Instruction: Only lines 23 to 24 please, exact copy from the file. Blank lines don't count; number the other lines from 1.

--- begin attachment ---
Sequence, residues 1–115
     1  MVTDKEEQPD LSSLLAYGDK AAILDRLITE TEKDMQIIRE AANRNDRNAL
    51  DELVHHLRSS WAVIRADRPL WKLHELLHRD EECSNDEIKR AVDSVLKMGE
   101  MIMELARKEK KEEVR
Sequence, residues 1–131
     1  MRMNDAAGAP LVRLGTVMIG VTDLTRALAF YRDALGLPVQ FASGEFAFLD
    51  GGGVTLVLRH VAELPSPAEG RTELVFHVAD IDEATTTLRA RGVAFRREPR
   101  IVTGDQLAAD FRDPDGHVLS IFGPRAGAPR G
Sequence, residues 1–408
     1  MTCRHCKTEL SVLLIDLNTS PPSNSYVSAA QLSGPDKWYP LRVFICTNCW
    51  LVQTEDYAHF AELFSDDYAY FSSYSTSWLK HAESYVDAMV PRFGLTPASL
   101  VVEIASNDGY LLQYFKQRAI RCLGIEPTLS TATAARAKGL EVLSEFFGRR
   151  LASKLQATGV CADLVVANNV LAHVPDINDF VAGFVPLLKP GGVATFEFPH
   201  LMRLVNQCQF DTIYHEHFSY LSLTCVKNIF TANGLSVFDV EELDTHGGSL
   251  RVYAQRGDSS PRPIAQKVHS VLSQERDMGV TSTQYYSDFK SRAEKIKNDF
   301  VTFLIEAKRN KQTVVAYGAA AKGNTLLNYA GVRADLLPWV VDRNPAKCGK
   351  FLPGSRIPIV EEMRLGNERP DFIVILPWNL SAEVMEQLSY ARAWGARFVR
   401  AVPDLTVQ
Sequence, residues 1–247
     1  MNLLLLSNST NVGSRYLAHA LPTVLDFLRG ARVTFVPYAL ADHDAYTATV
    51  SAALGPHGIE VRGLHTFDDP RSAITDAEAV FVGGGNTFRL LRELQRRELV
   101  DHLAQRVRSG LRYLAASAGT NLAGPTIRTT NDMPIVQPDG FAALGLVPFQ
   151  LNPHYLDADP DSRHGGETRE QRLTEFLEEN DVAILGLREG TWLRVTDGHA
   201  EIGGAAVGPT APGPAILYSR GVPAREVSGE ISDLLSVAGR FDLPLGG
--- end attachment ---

   151  LNPHYLDADP DSRHGGETRE QRLTEFLEEN DVAILGLREG TWLRVTDGHA
   201  EIGGAAVGPT APGPAILYSR GVPAREVSGE ISDLLSVAGR FDLPLGG